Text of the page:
Ecomare is a seal sanctuary on Texel (the largest of the Wadden islands 25x8km) NL.
Every year 40-70 seals are rehabilitated at Ecomare, sick and injured harbour and grey seals with the intention when possible of released back in to the Waddenzee. This is once the seals are healthy, a certain weight and can catch fish for themselves . There are some seals which for various reasons (we saw one which was blind) can't be released but are continued to be cared for.
These harbour seals are about to be realeased! There wer 8 in all just about ready to go.
We were able to get really close to the seals and the enclosures were partially glazed so we could see what they were up to in the water as well. They are just so lovely, especially the harbour seals.
In the 1988 there was a virus which wiped out 60% of the harbour seals around The Wadden islands, very worrying times but it meant those which survived were the strongest and fittest and the population soon started to grow again.
It was rather frustrating as there was renovation work and building of new pools being done so we were rather restricted on what we could see outside.
The work should be completed by the end of the month so we were a week or so too early, but we loved Texel so much there will be plenty more visits to the island so we can come back to Ecomare, what was being done looked lovely.
It isn't only a seal sanctuary there is so much more there.
I was wanting to see the bird hospital where injured are treated, sick and oil covered sea birds are cleaned. The good news was there were only 4 bird's there, the bad news was it was one of the places we couldn't visit.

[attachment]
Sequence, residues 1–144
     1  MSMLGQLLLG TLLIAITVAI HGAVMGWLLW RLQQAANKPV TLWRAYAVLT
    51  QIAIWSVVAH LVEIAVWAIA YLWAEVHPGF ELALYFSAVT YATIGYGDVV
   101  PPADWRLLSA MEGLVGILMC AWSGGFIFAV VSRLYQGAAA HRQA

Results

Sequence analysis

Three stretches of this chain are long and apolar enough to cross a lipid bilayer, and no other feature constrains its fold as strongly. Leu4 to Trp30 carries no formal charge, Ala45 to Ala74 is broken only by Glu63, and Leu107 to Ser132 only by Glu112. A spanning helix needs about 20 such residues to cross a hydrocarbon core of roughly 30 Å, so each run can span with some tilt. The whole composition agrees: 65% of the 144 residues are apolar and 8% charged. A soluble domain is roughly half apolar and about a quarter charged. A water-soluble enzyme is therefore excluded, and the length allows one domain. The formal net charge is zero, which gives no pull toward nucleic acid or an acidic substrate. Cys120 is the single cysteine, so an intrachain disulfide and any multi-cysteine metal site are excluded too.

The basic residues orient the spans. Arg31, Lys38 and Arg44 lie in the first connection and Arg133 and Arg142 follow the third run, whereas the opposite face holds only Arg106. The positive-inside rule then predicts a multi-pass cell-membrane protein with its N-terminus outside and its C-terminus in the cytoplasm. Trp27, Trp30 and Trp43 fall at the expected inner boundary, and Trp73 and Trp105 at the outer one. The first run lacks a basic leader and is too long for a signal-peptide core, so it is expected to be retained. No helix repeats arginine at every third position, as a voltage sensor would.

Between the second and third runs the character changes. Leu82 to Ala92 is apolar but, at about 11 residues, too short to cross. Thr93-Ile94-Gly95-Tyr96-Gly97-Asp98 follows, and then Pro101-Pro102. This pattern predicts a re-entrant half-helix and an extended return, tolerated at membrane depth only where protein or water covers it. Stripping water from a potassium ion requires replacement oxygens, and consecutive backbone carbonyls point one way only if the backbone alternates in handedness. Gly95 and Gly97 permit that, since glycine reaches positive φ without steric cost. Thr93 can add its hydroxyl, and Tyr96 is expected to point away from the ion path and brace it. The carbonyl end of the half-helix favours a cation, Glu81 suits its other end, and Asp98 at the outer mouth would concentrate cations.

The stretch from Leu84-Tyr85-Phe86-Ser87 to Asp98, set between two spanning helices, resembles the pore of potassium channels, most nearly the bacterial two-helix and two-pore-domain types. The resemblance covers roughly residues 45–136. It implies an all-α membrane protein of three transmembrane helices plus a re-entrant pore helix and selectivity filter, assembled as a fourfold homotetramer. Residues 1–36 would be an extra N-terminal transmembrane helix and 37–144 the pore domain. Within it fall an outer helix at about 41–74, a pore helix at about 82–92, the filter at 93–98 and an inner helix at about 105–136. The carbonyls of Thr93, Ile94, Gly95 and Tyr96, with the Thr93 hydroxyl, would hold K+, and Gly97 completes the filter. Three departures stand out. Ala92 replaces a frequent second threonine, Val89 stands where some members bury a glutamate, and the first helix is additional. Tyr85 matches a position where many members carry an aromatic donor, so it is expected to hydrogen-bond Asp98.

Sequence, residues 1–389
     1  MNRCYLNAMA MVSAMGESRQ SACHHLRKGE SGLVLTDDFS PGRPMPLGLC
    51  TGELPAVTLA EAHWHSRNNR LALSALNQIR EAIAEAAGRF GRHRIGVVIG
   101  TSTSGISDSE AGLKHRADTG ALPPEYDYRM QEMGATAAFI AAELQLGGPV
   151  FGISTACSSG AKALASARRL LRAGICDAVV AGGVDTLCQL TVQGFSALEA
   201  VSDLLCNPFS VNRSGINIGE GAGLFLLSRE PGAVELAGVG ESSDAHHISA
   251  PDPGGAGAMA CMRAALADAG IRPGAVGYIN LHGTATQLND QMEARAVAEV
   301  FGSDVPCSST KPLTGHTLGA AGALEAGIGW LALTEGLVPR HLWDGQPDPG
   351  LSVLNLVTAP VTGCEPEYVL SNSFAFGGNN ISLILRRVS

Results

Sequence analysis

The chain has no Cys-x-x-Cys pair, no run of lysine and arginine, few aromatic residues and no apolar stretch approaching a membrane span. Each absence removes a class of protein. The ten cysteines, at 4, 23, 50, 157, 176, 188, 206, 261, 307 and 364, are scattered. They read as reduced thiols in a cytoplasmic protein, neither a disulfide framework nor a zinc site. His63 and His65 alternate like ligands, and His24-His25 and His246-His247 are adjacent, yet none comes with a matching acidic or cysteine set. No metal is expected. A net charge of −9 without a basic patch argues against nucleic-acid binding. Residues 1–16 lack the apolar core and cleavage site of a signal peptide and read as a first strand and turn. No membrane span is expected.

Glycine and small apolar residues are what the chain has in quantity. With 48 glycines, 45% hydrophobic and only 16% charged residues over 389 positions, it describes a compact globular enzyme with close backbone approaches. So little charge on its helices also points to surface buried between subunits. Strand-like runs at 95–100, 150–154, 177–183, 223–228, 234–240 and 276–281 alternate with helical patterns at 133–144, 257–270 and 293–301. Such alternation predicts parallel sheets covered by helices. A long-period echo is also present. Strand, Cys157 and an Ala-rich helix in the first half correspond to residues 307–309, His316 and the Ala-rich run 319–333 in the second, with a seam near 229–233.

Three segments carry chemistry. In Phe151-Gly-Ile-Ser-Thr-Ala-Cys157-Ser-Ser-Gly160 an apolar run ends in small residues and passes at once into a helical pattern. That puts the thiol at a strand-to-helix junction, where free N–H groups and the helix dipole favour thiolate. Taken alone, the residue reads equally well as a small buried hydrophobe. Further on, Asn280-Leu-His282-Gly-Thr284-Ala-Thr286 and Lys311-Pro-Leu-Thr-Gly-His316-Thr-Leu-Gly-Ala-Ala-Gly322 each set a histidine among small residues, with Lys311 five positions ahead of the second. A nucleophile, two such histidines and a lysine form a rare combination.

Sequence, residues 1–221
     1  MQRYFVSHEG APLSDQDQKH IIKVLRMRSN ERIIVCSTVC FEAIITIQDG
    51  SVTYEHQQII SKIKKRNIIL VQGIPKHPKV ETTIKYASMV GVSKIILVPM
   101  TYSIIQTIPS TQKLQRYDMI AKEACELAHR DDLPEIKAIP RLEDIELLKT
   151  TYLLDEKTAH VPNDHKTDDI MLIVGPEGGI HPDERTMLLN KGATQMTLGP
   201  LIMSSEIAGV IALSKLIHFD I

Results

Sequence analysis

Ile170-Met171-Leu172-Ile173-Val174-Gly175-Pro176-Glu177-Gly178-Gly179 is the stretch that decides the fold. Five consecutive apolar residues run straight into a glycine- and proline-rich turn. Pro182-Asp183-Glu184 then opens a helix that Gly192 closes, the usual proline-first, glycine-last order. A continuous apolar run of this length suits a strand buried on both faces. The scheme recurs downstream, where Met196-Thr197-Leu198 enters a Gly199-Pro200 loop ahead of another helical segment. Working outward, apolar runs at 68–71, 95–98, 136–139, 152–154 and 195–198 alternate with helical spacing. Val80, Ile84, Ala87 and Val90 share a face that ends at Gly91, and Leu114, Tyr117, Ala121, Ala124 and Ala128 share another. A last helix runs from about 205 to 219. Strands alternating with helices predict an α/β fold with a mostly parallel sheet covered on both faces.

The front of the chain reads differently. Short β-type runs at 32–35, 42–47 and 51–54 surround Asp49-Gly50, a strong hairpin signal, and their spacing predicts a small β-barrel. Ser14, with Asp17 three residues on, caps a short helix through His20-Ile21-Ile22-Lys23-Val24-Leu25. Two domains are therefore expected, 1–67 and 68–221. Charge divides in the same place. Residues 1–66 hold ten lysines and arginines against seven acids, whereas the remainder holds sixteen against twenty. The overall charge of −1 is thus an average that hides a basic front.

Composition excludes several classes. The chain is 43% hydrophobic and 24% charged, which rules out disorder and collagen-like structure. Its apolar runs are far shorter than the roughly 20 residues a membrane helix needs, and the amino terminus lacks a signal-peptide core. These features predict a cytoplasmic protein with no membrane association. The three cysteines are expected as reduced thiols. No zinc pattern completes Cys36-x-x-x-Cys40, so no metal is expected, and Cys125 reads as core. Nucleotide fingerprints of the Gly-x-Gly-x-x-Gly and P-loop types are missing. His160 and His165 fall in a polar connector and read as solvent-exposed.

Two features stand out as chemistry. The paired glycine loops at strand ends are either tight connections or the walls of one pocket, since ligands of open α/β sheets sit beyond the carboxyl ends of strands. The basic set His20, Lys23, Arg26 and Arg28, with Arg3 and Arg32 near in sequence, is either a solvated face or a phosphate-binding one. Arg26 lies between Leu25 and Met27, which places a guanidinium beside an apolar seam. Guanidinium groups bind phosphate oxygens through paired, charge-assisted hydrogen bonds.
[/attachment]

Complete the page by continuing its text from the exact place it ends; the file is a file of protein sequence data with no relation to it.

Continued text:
Outside when you arrive is the practically complete skeleton of a decomposing sperm whale washed up on the island years ago, the top part of the jaw/head is missing, but you can still gauge the sheer size of it- even bigger covered ib blubber!
In the basement there are open aquarium's where you can see the sort of fish, shellfish, sea anemones and crabs etc in the sea's around the islands (The Wadden Sea & North sea).
Hanging from the ceiling are skeletons and models of sea mammals and fish.
On the ground floor there is a small natural history museum pertaining to islands and water surrounding them.
An exhibition area with the biology of the island and the sea and the history surrounding them.
Glass cases containing hundreds of shells and goodness knows what and life size model a wooly Rhino (I didn't know they existed) and bones of other creatures fished out the sea's around Texel -in this ice age the sea wasn't there and it was mainly dry.
An area to show how The Netherlands use the sea for transport, commodities a source of energy and food and military training exercises.
and another displaying art work and poems about the sea.
I don't usually like stuffed animals but on a landing above the ground floor are three large glass display cases full of stuffed bird in natural poses. One case, for sea birds, another for the birds found in the country side/farm lands and the last for birds found in the villages and small town of Texel. It was really interesting looking at these and getting a real idea of size and plumage - I was surprised how much I did like this exhibit.
Everything inside is spacious and modern, with interactive things to do and films to watch.
With a nice cafe (delicious appleflaps!), clean toilets and a gift shop, then a visitors center for the NP De Duinen van Texel in the building and a 3km walk which takes you through the heath and into the dunes so you can get a real feel for the area - a great little place to visit